AND DEFENSIVE REBOUNDING
The team that controls the boards wins the majority of
their games! Control of the boards reduces the number of shots taken by
the opponents and increases the number of shot attempts by the good rebounding
team. It also increases the number of fast break opportunities.
Though a great deal of rebounding is dependent on the size of
a team, size alone does not result in backboard control. If you work diligently
in practice, techniques will be developed that will lead to successful
rebounding on both the offensive and defensive boards.
The defensive rebounder must maintain
a position between the opponent and the basket. This position is commonly
called “blocking out” or “screening off” the boards.
As a shot is taken, the defensive player steps forward and pivots
so that his rear and back make immediate contact with the assigned opponent.
Since the rebounder has only one or two seconds before having to find
the ball, it is important to quickly establish a position to enable “feel”
of the opponent with the body and to be able to use a slide step to keep
the body between the opponent and the basket. The elbows in this position
are wide and almost parallel with the shoulders. They are held firm so
that the offensive player cannot get by to get at the ball. The feet are
slightly wider than shoulder width. The combination of wide feet and wide,
strong elbows presents as big an obstacle as possible to the offensive
player. The defensive player’s body should be crouched with the knees
bent, ready to spring upward for the ball. The head is erect and the eyes
are focused on the ball.
As the rebound comes off the board, the defender leaps into the
air with elbows wide and body in a slight jack-knife position. The jack-knife
movement of the body throws the rear of the body backward and keeps the
opponent off the defender’s back. The defensive rebounder grabs the ball
firmly with both hands and keeps it moving to prevent the opponent from
gaining possession or a jump ball. Care must be taken not to move the
elbows back and forth, since this is a violation and results in loss of
DEFENSIVE REBOUNDING SUGGESTIONS
1. Each defensive player must block his opponent
off the board.
2. Use a front pivot to step into the opponent to make contact.
3. The body should be crouched with arms held wide to present an obstacle
to the offensive player and to be ready to go for the rebound.
4. Grab the ball firmly with both hands to prevent an opponent from
slapping it out.
5. Use a wide-spread body position to protect the ball as it is rebounded.
6. Keep the ball moving to prevent a jump ball.
7. Pass the ball away from the congested area of the basket as soon
as possible. More fast break attempts occur with quick outlet passes.
8. Do not get pushed too far under the basket.
The offensive rebounder faces the defensive
player’s efforts to screen him off the boards. Realizing that the defender
will turn into his path, the offensive player must attempt to get through
to the basket by using quick fakes and changes of direction. The offensive
player fakes left, goes right; fakes right, goes left; fakes right, left,
goes right, and so on, in an effort to avoid defensive blockout. However,
fakes must be done quickly, for only seconds exist between the shot attempt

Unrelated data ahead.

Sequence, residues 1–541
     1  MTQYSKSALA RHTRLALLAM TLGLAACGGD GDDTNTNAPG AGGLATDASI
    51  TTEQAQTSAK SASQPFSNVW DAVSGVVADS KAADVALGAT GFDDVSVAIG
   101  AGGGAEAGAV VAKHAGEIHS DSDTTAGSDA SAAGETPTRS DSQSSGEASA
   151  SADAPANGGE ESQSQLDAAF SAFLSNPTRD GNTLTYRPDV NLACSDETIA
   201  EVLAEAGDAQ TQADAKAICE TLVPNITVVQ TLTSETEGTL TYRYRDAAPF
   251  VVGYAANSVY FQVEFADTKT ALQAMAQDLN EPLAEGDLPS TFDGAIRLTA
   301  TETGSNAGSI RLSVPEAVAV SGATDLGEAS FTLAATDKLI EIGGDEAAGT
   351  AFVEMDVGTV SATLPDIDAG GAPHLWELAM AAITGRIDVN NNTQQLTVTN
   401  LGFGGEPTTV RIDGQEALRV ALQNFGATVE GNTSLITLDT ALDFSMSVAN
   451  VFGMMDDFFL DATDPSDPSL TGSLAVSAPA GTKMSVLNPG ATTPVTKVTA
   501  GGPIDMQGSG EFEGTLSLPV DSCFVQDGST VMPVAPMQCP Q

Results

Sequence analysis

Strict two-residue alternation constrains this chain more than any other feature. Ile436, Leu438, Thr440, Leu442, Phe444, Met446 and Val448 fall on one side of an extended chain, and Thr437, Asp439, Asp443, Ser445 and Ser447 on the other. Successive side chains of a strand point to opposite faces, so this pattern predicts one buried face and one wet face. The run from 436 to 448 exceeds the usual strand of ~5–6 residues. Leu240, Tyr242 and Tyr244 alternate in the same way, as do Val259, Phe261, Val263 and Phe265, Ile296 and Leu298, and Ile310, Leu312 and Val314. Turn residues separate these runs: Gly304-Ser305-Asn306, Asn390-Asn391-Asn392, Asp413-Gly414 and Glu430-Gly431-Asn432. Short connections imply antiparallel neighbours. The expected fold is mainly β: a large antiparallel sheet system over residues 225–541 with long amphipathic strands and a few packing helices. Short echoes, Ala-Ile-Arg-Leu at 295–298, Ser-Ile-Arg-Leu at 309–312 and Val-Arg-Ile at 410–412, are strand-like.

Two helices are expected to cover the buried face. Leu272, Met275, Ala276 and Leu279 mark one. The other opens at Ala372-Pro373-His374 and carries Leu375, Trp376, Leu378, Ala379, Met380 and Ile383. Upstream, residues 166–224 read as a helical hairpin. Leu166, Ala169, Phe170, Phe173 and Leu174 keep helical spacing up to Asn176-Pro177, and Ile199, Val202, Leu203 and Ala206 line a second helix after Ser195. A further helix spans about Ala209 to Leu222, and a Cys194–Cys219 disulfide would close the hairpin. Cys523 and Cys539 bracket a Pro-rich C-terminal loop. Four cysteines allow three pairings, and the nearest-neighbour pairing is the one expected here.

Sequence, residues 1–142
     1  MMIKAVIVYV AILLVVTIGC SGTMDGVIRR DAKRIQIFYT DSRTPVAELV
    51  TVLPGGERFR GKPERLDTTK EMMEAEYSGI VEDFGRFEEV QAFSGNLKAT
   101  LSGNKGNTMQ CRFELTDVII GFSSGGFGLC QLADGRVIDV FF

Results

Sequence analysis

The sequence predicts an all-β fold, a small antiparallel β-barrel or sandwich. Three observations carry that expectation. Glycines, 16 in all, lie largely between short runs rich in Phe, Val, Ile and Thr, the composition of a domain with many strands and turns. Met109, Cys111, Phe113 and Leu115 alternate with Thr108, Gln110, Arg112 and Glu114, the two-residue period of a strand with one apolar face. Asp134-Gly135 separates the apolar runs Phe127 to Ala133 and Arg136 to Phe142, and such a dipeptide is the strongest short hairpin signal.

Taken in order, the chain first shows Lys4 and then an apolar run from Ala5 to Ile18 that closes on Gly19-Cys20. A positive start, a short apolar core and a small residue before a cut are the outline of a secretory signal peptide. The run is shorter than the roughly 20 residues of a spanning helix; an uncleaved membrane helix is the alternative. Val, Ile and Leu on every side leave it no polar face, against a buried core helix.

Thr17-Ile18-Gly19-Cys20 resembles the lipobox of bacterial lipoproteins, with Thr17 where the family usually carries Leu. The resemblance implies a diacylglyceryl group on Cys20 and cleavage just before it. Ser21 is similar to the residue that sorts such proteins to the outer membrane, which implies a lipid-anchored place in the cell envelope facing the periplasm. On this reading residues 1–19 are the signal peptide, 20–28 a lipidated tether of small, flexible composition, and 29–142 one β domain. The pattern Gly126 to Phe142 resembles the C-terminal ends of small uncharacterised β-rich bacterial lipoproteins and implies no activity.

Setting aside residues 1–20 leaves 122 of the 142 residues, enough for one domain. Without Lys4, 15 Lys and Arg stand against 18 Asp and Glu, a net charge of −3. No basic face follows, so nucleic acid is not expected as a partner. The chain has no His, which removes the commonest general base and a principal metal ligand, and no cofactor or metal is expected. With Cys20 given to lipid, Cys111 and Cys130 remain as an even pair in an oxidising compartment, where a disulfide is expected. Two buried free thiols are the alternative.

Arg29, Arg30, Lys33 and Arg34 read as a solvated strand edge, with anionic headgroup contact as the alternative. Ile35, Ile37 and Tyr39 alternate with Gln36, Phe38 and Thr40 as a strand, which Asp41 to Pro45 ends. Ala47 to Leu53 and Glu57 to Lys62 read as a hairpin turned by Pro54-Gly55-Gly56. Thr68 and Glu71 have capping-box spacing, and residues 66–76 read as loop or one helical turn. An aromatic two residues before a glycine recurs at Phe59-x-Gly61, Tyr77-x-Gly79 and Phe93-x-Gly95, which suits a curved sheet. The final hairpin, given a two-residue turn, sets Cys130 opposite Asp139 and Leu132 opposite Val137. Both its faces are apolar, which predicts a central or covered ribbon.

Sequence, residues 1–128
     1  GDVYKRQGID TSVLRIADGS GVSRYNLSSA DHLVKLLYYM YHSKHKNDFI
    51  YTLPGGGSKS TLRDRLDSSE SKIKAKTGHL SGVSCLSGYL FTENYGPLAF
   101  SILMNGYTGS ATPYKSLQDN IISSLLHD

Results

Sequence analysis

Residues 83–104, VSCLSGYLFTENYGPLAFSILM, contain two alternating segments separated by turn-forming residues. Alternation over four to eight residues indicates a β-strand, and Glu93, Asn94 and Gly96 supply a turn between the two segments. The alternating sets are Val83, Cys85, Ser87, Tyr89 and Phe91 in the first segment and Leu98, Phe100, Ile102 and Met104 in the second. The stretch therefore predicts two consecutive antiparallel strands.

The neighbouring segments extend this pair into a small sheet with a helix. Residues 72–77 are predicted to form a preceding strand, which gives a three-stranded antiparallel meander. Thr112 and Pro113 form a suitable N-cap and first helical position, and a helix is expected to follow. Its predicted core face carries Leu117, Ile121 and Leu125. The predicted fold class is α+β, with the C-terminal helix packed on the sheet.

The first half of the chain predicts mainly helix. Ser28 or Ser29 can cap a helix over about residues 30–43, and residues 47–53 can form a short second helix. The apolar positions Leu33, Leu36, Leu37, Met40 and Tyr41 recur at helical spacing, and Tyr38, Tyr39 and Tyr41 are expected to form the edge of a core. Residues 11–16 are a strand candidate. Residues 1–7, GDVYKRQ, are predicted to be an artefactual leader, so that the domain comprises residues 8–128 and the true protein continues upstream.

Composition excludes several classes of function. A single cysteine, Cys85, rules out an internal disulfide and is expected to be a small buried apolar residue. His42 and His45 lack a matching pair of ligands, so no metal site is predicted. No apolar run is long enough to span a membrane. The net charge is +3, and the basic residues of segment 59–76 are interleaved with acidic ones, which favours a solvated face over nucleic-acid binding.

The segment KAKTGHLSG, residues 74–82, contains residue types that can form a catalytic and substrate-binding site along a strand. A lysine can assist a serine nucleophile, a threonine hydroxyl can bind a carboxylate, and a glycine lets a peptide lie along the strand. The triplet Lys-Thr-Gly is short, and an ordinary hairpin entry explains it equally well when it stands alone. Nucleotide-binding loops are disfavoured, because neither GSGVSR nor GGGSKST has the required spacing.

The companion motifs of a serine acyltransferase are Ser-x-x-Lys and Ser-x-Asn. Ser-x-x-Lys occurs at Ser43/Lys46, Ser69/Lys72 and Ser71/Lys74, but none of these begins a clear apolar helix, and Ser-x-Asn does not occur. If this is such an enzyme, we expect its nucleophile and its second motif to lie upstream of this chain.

and the rebound. The offensive rebounder who hustles toward the boards
using clever fakes is difficult to block out.
The offensive player must not allow the defensive player to “feel”
him with the back or elbows, or the defender will be able to slide with
any change of direction that is made. If the offensive player senses the
slight contact with the opponent’s back that allows the opponent to “feel”
him, he should step backward, then fake and cut around the blockout.
If the offensive player succeeds in getting by the blockout,
he crouches with knees bent, enabling a quick spring into the air for
the rebound. If the rebound is close to the goal, he may use a one-hand
tip to attempt a quick score. The tip is executed with widely spread fingers
and a forward movement of the wrists. The ball is controlled and guided
toward the basket, not batted. If the rebound is not close enough to the
basket for a tip, the ball should be caught with two hands. The rebounder
returns to the floor, uses a ball fake to get the opponent into the air,
then goes back up for a strong shot attempt. Such an attempt often results
in a foul on the opponent and can turn the rebound into the devastating
Hustle, effort, strength, quick jumping, and aggressiveness
all go into making a good offensive rebounder. But the most important
quality possessed by great offensive rebounders is anticipation. Great
rebounders pass the ball, or watch a teammate pass the ball to an open
shooter, then anticipate that the shot will go up. They immediately move
into offensive rebounding position before the shot goes up! If the shot
does go up, they often have inside position. If it does not go up, they
move back out into the offensive flow.
OFFENSIVE REBOUNDING SUGGESTIONS
1. Use fakes and quick changes of direction
to get around a defensive blockout.
2. Be aggressive. The hustling offensive player is
difficult to screen off the boards.
3, Anticipate a shot by a teammate.
4. Attempt a tip-in if the rebound is near the basket.
5. Catch the ball with two hands if it rebounds away from the basket.
6. Know offensive and defensive responsibilities. Don’t crash the board
if no one is back for defensive balance.
7. Don’t foul the defensive rebounder as he comes down with the ball.
His basket is 90 feet away—such a foul is foolish.
If you are the nearest player, press the rebounder to prevent him from
making an easy pass-out to a teammate for a fast break.